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Insights into long-lasting protection induced by RTS,S/AS02A malaria vaccine: Further results from a phase IIb trial in Mozambican children

Guinovart, Caterina, Aponte, John J., Sacarlal, Jahit, Aide, Pedro, Leach, Amanda J., Bassat, Quique, Macete, Eusebio, Dobano, Carlota, Lievens, Marc, Loucq, Christian, Ballou, W. Ripley, Cohen, Joe and Alonso, Pedro L. (2009). Insights into long-lasting protection induced by RTS,S/AS02A malaria vaccine: Further results from a phase IIb trial in Mozambican children. PLoS One,4(4):e5165-1-e5165-8.

Document type: Journal Article
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IRMA ID 75039815xPUB512
Title Insights into long-lasting protection induced by RTS,S/AS02A malaria vaccine: Further results from a phase IIb trial in Mozambican children
Author Guinovart, Caterina
Aponte, John J.
Sacarlal, Jahit
Aide, Pedro
Leach, Amanda J.
Bassat, Quique
Macete, Eusebio
Dobano, Carlota
Lievens, Marc
Loucq, Christian
Ballou, W. Ripley
Cohen, Joe
Alonso, Pedro L.
Journal Name PLoS One
Publication Date 2009
Volume Number 4
Issue Number 4
ISSN 1932-6203   (check CDU catalogue  open catalogue search in new window)
Scopus ID 2-s2.0-65349096887
Start Page e5165-1
End Page e5165-8
Total Pages 8
Place of Publication United States
Publisher Public Library of Science
HERDC Category C1 - Journal Article (DIISR)
Abstract Background:
The pre-erythrocytic malaria vaccine RTS,S/AS02A has shown to confer protection against clinical malaria for at least 21 months in a trial in Mozambican children. Efficacy varied between different endpoints, such as parasitaemia or clinical malaria; however the underlying mechanisms that determine efficacy and its duration remain unknown. We performed a new, exploratory analysis to explore differences in the duration of protection among participants to better understand the protection afforded by RTS,S.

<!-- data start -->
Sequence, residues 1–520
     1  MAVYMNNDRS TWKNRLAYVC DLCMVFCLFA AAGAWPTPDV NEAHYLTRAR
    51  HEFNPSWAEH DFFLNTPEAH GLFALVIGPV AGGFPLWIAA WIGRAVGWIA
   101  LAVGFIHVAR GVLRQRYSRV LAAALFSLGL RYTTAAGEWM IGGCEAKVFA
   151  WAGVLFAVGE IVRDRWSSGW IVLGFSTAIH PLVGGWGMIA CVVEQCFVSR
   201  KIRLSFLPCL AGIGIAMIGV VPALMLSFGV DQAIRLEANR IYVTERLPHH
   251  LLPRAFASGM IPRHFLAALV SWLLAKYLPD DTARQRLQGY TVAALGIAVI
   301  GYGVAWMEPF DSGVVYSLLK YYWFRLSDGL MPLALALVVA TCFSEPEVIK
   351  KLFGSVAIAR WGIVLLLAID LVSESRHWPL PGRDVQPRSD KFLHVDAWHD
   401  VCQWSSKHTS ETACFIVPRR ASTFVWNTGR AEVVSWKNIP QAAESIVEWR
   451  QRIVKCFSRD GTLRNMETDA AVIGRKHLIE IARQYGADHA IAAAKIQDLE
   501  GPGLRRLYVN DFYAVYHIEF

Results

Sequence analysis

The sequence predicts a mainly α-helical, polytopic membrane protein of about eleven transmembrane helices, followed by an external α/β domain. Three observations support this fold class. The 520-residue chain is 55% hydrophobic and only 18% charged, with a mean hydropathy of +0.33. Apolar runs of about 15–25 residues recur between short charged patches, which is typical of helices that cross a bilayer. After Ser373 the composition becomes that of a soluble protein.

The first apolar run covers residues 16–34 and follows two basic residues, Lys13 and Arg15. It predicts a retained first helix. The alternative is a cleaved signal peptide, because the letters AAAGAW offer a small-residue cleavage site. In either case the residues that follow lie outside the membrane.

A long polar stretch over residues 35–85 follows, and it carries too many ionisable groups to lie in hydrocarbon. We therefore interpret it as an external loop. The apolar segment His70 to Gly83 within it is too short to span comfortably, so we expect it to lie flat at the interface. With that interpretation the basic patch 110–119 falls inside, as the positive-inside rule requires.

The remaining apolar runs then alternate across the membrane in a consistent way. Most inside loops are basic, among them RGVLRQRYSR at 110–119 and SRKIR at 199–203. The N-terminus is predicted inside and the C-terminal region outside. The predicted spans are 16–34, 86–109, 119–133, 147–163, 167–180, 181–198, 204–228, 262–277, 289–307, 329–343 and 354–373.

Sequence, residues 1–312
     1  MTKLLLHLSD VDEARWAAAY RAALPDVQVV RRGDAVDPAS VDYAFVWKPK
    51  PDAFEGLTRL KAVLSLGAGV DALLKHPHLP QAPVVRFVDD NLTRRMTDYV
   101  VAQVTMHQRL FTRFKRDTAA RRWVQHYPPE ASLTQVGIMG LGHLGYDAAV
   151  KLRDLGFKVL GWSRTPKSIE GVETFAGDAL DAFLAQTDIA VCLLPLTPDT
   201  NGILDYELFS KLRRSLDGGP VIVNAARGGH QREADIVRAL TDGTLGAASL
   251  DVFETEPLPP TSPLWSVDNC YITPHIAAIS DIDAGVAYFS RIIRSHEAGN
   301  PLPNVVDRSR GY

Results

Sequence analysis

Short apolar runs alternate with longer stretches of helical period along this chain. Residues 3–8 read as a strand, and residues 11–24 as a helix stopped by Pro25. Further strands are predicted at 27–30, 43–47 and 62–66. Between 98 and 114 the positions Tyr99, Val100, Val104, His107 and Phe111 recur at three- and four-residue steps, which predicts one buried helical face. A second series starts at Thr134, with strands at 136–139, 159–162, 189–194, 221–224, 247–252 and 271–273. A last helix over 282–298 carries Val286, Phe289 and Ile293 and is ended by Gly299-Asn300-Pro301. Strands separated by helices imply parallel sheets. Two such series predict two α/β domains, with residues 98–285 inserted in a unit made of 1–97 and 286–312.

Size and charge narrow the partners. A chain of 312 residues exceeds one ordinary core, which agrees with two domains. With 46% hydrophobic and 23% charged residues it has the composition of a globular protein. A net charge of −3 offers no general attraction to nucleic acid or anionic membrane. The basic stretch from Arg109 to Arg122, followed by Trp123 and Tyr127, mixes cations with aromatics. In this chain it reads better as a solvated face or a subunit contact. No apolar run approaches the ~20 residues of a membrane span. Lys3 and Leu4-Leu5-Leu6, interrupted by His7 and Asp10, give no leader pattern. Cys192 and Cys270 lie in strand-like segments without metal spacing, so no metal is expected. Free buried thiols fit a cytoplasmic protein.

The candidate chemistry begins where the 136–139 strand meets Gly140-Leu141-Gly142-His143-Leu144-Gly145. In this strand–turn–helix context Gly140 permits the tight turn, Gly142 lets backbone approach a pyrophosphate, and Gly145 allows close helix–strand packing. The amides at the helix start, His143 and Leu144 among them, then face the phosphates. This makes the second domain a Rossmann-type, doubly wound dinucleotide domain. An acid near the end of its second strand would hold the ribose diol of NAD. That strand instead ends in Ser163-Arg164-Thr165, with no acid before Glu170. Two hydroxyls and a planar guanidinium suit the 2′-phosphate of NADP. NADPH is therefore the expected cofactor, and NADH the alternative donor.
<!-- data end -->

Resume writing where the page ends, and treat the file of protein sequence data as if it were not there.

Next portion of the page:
Methodology/Principal Findings:
The study was a Phase IIb double-blind, randomized controlled trial in 2022 children aged 1 to 4 years. The trial was designed with two cohorts to estimate vaccine efficacy against two different endpoints: clinical malaria (cohort 1) and infection (cohort 2). Participants were randomly allocated to receive three doses of RTS,S/AS02A or control vaccines. We did a retrospective, unplanned sub-analysis of cohort 2 data using information collected for safety through the health facility-based passive case detection system. Vaccine efficacy against clinical malaria was estimated over the first six-month surveillance period (double-blind phase) and over the following 12 months (single-blind phase), and analysis was per-protocol. Adjusted vaccine efficacy against first clinical malaria episodes in cohort 2 was of 35.4% (95% CI 4.5–56.3; p = 0.029) over the double-blind phase and of 9.0% (−30.6–36.6; p = 0.609) during the single-blind phase.

Conclusions/Significance:
Contrary to observations in cohort 1, where efficacy against clinical malaria did not wane over time, in cohort 2 the efficacy decreases with time. We hypothesize that this reduced duration of protection is a result of the early diagnosis and treatment of infections in cohort 2 participants, preventing sufficient exposure to asexual-stage antigens. On the other hand, the long-term protection against clinical disease observed in cohort 1 may be a consequence of a prolonged exposure to low-dose blood-stage asexual parasitaemia.
DOI http://dx.doi.org/10.1371/journal.pone.0005165   (check subscription with CDU E-Gateway service for CDU Staff and Students  check subscription with CDU E-Gateway in new window)


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